This was one of my first questions almost 12 years ago when I first heard that a draftsman was an actual legit job!
Engineering Drawings are used mostly during the fabrication stages of a component / assembly or complete equipment (like a heat exchanger, storage tank, drum, engine, etc.) . The drawing is the link between the designer and the fabricator and conveys all the necessary information to the fabricator to manufacture correctly.
A second way how Engineering Drawings are used is for
maintenance or modification purposes. When a component broke or a part
of the component was damaged and the component must be restored to it’s
original strength and dimensions, a drawing is used to instruct the
fabricator what materials, sizes of the material, repair procedure and
final assembled dimensions should be used and be adhered to. This is
also used when a component is modified to improve it’s efficiency or
Anther way how engineering drawings are used may be for a company to give potential suppliers the specifications and information of something they want built and the drawing (together with a specification) is used to give to suppliers to tender for the building and installation.
How engineering drawings are used for fabrication:
For fabrication, engineering drawings are very detailed. Every component and step during the fabrication process should be addressed on the drawing. Engineering drawings will mostly be made in certain steps itself.
- All technical data will be listed on the first drawing of the set, this tells the manufacturer which Codes, standards and other requirements the design was created to.
- A Bill of materials (or bill of quantities) is listed to tell the fabricator what materials is required to manufacture what is on the drawing.
- Overall view (or General Arrangement) of what needs to be manufactured. This view / drawing gives the fabricator an overall idea of what the completed “project” looks like. This view will normally have item bubbles to show the location of the components for clarity
- Sub-assemblies are normally shown to show more in detail how components has to fit together. These drawings will be used by the fabricator during assembly.
- Sub-sub-assemblies are shown if the sub assemblies are very complex. A drawing can even have more sub-sub-sub- assemblies if the assemblies are very complex!
- Details are shown where the designer wants to make it clear how components fits together. These details differ from assembles as it does not show complete assemblies, but only how certain components fit together.
- Welding details are shown where welding is required. Often times weld symbols may be shown, but where equipment is pressure bearing a weld detail is required. The weld detail will show how the material should be prepared, how it should be welded and any grinding that may be required.
- Component or item details are shown lastly so that the manufacturer can make and prepare all the components before starting to assemble.
- Designers will (or should) also keep in mind how the equipment will be moved and installed. Future maintenance is also kept in mind. The designer should also make note of any special requirements on the drawing.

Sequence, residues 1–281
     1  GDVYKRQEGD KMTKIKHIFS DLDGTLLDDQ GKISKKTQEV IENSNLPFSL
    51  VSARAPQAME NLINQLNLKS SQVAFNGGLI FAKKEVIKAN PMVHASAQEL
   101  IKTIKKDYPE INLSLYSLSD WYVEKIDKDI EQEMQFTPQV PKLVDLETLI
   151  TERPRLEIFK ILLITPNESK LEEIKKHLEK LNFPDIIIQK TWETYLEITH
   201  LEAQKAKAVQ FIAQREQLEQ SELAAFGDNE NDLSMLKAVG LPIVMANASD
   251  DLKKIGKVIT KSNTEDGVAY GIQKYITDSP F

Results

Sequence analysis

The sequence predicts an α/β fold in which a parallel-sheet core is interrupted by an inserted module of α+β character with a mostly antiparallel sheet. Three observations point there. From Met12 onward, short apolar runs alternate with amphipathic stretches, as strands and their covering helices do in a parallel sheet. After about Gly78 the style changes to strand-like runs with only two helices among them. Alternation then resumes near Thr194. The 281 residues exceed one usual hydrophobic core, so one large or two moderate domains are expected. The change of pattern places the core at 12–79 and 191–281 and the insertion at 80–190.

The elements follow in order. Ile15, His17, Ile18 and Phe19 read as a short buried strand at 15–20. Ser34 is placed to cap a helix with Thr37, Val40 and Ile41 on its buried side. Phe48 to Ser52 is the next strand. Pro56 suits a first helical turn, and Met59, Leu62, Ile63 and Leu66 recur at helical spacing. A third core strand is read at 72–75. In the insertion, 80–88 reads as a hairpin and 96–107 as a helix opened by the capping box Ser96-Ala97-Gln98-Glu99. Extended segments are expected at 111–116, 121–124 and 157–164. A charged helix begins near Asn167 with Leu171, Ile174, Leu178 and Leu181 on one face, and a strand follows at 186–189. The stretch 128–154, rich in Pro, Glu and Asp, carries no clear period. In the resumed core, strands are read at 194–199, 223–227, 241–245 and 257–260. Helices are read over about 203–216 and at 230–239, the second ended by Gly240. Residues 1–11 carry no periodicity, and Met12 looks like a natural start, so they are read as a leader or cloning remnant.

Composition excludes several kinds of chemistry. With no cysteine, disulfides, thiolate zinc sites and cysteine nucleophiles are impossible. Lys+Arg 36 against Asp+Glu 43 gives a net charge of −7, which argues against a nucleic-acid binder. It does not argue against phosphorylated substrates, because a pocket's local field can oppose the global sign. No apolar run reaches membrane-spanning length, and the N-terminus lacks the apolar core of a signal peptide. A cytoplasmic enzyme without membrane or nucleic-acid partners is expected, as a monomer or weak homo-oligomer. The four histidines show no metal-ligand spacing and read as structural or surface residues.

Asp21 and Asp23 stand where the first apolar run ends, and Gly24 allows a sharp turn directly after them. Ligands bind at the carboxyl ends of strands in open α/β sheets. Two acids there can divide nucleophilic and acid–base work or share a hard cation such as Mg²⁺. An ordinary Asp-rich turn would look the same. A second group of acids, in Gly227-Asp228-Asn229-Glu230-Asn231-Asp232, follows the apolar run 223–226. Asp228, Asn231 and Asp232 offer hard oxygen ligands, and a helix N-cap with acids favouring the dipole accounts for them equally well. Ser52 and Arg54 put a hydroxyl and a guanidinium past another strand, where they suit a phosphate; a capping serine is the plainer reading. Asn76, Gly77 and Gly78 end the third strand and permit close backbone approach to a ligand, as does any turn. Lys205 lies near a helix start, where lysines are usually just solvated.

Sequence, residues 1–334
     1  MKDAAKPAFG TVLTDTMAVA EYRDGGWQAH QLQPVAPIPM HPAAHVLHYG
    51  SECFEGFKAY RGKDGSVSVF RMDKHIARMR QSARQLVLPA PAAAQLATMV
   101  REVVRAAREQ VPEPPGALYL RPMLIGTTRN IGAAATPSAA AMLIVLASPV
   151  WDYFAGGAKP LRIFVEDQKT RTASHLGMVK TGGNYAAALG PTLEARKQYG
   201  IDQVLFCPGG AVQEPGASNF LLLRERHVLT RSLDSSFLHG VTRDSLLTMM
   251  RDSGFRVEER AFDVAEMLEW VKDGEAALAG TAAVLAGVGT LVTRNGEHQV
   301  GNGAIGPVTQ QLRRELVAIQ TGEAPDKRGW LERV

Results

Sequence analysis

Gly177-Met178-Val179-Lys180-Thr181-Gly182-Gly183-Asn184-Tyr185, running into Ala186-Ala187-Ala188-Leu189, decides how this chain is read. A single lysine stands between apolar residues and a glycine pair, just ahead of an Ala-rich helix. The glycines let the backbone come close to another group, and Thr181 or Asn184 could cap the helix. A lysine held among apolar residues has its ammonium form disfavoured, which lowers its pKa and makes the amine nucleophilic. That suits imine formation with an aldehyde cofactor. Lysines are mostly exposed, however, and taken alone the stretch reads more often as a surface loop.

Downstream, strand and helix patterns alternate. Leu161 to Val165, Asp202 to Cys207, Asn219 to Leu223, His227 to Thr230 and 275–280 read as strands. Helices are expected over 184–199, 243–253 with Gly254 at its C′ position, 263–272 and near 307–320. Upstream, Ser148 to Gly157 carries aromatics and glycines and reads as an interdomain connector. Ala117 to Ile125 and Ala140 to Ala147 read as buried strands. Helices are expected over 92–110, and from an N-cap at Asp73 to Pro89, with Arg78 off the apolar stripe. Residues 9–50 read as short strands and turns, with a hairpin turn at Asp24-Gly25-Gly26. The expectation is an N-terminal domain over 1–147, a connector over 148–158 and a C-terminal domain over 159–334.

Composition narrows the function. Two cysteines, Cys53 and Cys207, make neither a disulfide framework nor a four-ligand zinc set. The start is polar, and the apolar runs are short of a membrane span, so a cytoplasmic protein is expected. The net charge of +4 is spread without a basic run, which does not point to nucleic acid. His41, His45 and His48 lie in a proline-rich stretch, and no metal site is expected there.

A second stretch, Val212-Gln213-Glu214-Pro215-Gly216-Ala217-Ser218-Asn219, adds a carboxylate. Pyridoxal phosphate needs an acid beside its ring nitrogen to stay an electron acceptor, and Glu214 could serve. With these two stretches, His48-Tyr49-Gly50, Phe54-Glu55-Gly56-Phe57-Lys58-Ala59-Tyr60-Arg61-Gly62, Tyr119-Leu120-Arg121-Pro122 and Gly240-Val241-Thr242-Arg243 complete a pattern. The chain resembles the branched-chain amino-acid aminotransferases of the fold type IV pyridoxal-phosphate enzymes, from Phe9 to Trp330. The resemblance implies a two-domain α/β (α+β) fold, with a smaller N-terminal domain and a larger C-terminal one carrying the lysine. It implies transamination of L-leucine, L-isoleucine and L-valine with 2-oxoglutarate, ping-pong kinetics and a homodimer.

How engineering drawings are used for maintenance/modifications:
Allot of the principles and information used on a drawing that is intended for fabrication, is also used on a drawing made for maintenance purposes. In most cases the component that has to be replaced or repaired has to fit into an existing place, so a draftsman needs to measure accurately where the component should fit and make sure that the new component will fit exactly the same into the old one’s place without deviations.
In the case of modifications, the drawing should clearly show what- and how the modification is to be done.
Strength calculations, dimensional verification and material compatibility needs to be taken into account when creating the drawing. Maintenance/modification drawings also needs to comply to the relevant codes and standards.
How engineering drawings are used for tender purposes:
In cases where a client wants to replace equipment (eg, a heat exchanger, tank, drum etc.), he will request for fabricators to tender for the design, manufacture and installation. This is where the client will need a document to tell the potential designer/manufacturer what needs to be built, technical specifications, information and more.
This document is normally accompanied by drawings that gives dimensional information, so that the manufacturers can accurately base their quotation on the information supplied on the drawing.
A tender drawing is not for manufacturing, the manufacturer must still do his own design. The tender drawing should just give dimensional information and any specific details that is a requirement in the designing phase.
If the drawing is based on existing equipment that needs to be replaced, all tie-up interfaces needs to be shown accurately. The tender drawing are often used as a base for the design so all dimensions and interfaces needs to be accurate otherwise the new equipment may not fit.
Engineering drawings are considered legal documentation and are treated as such. Drawings are normally kept on a system by the designer and the client that gives traceability to the equipment. Drawing of maintenance and modification also forms part of the history of equipment and are kept with the original design drawings.